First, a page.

Jonah Goldberg criticized environmental reporters for focusing on climate change, saying that they were missing "serious problems, such as ocean acidification." However, ocean acidification is caused by the same carbon pollution driving climate change.
In his syndicated column on April 23, National Review Online editor-at-large Goldberg wrote that Republican politicians "still care about the environment," suggesting that they pay attention to environmental problems "such as ocean acidification, overfishing, elephant and rhino poaching, and loss of habitat" rather than climate change:
Contrary to what you may have heard, GOP politicians still care about the environment, but they take their cues from public opinion, not from the green lobby.
Important work is being done on serious problems, such as ocean acidification, overfishing, elephant and rhino poaching, and loss of habitat. None of these issues get a fraction of the coverage they deserve. That's because many environmental reporters think their beat begins and ends with climate change.
Ocean acidification is sometimes known as the "evil twin" of climate change as it is also driven by carbon dioxide emissions, making the ocean more acidic -- surface ocean waters are now about 30 percent more acidic than they were at the beginning of the Industrial Revolution, as carbon dioxide builds up in the atmosphere and is increasingly absorbed by the ocean. Goldberg is correct that ocean acidification does not get the attention it deserves, as it threatens coral reefs that provide coastal protection from storms and tourism, and shellfish that make up a large part of the fishing industry.
Climate change also exacerbates species loss further threatened by overfishing, poaching and habitat destruction -- the other issues Goldberg names as truly "serious." In addition, climate change is itself emerging as one of the main drivers of habitat loss. This is why environmental groups and reporters have focused on climate change, while continuing to address environmental problems from overfishing to poaching, as it is a threat multiplier with global consequences.
While Goldberg is now calling for attention to these particular environmental topics, he has not given much attention to them himself in the past. The only time Goldberg has previously mentioned ocean acidification in his column* was to claim that we could address it by giving the ocean "some antacid" in 2009:
Is the atmosphere getting too hot? Cool it down by reflecting away more sunlight. The ocean's getting too acidic? Give it some antacid. The technology's not ready. But pursuing it for a couple of decades will cost pennies compared with carbon rationing.
Oyster hatcheries have indeed been resorting to putting the equivalent of Tums into hatcheries to make up for the declining numbers of oysters in the ocean, but dumping huge amounts of antacid into the ocean at large is considered impractical by scientific groups such as the Woods Hole Oceanographic Institution.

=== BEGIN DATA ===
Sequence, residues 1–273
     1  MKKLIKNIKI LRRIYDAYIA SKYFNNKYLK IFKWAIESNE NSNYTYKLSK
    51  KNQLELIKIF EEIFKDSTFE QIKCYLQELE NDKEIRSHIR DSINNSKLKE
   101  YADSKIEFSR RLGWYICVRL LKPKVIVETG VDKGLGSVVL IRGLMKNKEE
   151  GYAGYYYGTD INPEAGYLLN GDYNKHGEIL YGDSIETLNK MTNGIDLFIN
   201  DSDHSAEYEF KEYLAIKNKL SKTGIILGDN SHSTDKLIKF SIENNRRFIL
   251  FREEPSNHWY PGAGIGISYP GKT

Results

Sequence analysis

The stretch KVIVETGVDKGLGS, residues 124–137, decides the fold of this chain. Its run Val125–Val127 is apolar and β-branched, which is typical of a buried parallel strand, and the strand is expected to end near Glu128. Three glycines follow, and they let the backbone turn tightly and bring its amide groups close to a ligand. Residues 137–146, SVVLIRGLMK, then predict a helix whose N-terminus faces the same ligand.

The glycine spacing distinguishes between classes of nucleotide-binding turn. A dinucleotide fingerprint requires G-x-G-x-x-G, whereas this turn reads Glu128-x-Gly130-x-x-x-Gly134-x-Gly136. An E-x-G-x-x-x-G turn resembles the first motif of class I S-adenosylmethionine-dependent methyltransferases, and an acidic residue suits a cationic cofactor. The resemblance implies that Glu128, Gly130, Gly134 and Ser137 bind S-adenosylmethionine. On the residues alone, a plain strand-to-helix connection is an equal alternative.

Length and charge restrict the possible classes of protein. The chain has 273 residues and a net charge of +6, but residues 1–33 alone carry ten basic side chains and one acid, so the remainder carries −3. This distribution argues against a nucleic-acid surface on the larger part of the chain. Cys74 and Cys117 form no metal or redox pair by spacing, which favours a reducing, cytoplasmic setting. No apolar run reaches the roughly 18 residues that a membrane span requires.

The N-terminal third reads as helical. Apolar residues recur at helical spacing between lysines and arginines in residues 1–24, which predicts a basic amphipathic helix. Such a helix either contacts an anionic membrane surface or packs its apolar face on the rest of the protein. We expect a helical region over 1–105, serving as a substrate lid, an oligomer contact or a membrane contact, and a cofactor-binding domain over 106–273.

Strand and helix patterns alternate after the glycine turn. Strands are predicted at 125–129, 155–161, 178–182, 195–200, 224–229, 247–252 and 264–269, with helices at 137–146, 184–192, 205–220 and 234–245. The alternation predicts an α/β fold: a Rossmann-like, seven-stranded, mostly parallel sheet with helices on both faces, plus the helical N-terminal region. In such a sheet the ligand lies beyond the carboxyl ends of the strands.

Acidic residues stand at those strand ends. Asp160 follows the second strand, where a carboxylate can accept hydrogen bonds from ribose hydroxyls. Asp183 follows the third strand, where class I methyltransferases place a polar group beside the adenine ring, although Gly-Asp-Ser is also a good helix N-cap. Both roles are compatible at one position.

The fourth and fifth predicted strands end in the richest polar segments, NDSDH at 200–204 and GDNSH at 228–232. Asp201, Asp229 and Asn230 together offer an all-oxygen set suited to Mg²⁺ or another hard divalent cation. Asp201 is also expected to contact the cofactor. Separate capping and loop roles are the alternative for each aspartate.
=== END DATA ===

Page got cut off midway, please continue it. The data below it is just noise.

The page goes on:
The only time that Goldberg mentioned overfishing** was in 2005. In that same column was the last time that Goldberg mentioned animal habitats, claiming that the United States had "added vast new habitats for animals" without ever mentioning continuing habitat loss.*** Goldberg has never before covered poaching in his column.****
Carbon dioxide emissions are not just warming up our atmosphere, they're also changing the chemistry of our oceans. This phenomenon is known as ocean acidification, or sometimes as global warming's "evil twin" or the "osteoporosis of the sea." Scientists have warned that it poses a serious threat to ocean life. Yet major American
news outlets covered the Kardashians over 40 times more often than ocean acidification over the past year and a half.
Rising carbon dioxide emissions have caused the oceans to become around 30 percent more acidic since the Industrial Revolution, and if we do not lower the amount of CO2 in the atmosphere, the ocean surface could be up to 150 percent more acidic by 2100. At that level, the shells of some plankton would dissolve, large parts of the ocean would become inhospitable to coral reef growth, and the rapidity of the change could threaten much of the marine food web. According to the National Research Council, the chemical changes are taking place "at an unprecedented rate and magnitude" and are "practically irreversible on a time scale of centuries."
Despite a boom of recent scientific research documenting this threat, there has been a blackout on the topic at most media outlets. Since the end of 2010, ABC, NBC, and Fox News have completely ignored ocean acidification, and the Los Angeles Times, USA TODAY, Wall Street Journal, MSNBC, CNN, and CBS have barely mentioned it at all.
In strikingly one-sided reports, Fox News assailed an anticipated regulation protecting streams from mountaintop coal mining waste. Among other misleading claims, Fox accused the Obama administration of punishing a contractor who said the rule would kill jobs, when in fact, extensive evidence indicates the contract was halted simply because the firm did shoddy work.
Following a lengthy investigation, the national Oil Spill Commission concluded in January 2011 that "the root causes" of the BP disaster were "systematic and, absent significant reform in both industry practices and government policies, might well recur." This week the same panel of experts found that Congress "has yet to enact any legislation responding to the explosion and spill." Rather than implement the panel's recommendations, the House has actually "passed several bills" with provisions that "run contrary to what the Commission concluded was essential for safe, prudent, responsible development of offshore oil resources," said the commissioners.
So far ABC, NBC, CBS, CNN and Fox News have ignored the panel's assessment report, issued just days before the second anniversary of the worst oil spill in U.S. history. MSNBC's Dylan Ratigan was the exception, running a segment on the panel's findings and the ongoing impacts of the spill.
Citing a recent study by the government of Nunavut in Canada, conservative media are claiming that the number of polar bears is "increasing." The takeaway, according to these media outlets, is that concerns about the fate of polar bears in a warming world are overblown. But polar bear scientist Steven Amstrup says these commentators are mistaken.
The polar bears located west of the Hudson Bay are one of 19 polar bear subpopulations, and one of 8 subpopulations that are thought to be shrinking, according to a comprehensive review conducted in 2009. (One population was found to be increasing, three are stable, and there isn't enough data to assess the other seven). Amstrup and others previously analyzed bears captured from 1984-2004 and found that the West Hudson Bay population declined from 1,194 in 1987 to 935 in 2004.